Alan Simon -
Excalibur II: l'Anneau Des Celtes

(CD 2007 5.26 min, Babaika productions 0946363856312 9)

The tracks:
  1- The Celtic ring(3:54)
  2- Lugh (4:27)
  3- Tuatha de Danann (2:27)
  4- A circle of life (4:30)
  5- The girl & the demon (3:18)
  6- Dragon breathe (1:49)
  7- Secret garden (3:15)
  8- Pilgrims (3:45)
  9- Brennan Mac Finn (2:02)
10- Sacrifice (4:10)
11- Earth & sky (4:07)
12- Shadow and light (3:16)
13- Call (5:48)
14- Anwynn (1:41)
15- Celtic Heart (Kelc'h Unan & Daou)(4:34)
16- Celtic heart (Kelc'h Tri)(1:41)

Alan Simon Website        video       

A trilogy about Excalibur, the legendary sword of King Arthur, is an interesting and ambitious project of French multi instrumentalist Alan Simon. His first album Excalibur: La Legende Des Celtes appeared in 1998 and was performed live in 2000 and released as Excalibur: Le Concert Mystique. In 2007, Alan Simon released part two of the trilogy: Excalibur II: l’Anneau Des Celtes. He explains the story of this fantasy tale in a beautifully documented booklet. Just as for his first effort, Alan Simon asked many artists to cooperate in order to put his musical ideas on the album. The list of names is very impressing indeed: Alan Parsons, John Wetton, Fairport Convention, Jon Anderson (Yes), Maddy Prior (Steeleye Span), Andreas Vollenweider, Justin Hayward (Moody Blues) and Les Holroyd (Barclay James Harvest).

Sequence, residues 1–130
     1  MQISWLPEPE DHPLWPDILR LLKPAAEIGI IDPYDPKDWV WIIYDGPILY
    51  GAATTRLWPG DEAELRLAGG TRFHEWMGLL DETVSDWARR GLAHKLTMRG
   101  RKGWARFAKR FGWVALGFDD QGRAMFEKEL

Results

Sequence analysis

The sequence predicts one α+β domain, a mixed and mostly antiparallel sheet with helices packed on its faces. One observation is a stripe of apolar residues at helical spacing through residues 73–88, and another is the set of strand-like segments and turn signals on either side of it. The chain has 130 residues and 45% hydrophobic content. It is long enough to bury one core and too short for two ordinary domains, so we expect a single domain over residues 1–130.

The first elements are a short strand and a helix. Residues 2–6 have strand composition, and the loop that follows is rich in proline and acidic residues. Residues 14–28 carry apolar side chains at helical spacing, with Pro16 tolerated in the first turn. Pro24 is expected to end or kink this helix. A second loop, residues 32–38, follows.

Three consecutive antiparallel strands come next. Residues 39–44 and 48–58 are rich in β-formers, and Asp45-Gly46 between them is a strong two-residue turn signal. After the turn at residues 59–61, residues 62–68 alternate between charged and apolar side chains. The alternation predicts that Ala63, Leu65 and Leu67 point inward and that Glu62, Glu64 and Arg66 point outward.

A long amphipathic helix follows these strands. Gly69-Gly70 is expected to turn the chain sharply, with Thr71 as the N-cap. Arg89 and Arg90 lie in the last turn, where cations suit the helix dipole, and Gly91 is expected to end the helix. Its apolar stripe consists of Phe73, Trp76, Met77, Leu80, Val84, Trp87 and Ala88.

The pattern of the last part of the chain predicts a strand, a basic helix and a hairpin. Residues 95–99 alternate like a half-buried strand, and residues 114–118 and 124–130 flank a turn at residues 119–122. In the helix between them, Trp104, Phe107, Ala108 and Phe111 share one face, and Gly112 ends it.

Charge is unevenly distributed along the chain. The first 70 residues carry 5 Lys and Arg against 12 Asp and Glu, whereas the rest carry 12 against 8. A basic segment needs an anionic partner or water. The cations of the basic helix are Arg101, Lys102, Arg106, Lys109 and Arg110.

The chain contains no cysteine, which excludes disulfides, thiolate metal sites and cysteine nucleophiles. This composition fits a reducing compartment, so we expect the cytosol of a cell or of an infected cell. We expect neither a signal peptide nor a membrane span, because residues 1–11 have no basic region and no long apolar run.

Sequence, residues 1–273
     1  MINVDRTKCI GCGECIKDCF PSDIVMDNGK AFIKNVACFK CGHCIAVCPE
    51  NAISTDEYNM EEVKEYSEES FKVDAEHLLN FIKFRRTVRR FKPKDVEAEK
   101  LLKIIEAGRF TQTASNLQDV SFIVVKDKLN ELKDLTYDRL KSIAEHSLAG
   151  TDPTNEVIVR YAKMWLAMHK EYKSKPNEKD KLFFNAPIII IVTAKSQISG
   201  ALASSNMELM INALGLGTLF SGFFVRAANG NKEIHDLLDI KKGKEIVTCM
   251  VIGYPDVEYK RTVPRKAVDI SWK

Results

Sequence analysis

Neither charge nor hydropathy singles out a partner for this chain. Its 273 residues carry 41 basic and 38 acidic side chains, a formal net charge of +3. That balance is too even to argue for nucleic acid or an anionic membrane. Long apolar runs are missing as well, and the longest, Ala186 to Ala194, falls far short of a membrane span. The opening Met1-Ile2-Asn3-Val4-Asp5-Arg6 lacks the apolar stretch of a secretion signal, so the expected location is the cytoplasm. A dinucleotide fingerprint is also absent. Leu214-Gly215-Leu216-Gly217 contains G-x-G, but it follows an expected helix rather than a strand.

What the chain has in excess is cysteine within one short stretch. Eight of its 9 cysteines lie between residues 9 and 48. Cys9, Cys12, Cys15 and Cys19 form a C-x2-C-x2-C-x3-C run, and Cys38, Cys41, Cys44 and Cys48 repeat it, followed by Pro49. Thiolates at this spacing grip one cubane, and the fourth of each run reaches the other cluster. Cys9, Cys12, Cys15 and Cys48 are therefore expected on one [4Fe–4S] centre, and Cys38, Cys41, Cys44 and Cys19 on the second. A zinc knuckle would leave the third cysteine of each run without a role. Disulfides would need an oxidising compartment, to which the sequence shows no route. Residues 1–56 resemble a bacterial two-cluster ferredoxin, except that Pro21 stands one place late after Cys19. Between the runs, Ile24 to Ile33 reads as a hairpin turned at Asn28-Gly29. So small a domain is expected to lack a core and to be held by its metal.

On this second release, you will find more songs and less instrumental tracks than on the first one. In addition, the music is less folky. I would rather describe it as symphonic pop rock. Anyway, you will find no weak tracks at all on this album, but a few I liked more than the others: A Circle Of Life (sung by Jon Anderson), Sacrifice (sung by Jacqui McShee’s Pentangle and Andreas Vollenweider), Earth & Sky (sung by Justin Hayward) and the opening track The Celtic Ring with a contribution of Alan Parsons. The predominant touch of the album has a lot in common with The Eyes Of Wendor, a project of Mandala Band in the mid seventies. If you like variation in your symphonic music collection than you should check this one out. Highly recommended!

****+ Cor Smeets (edited by Peter Willemsen)
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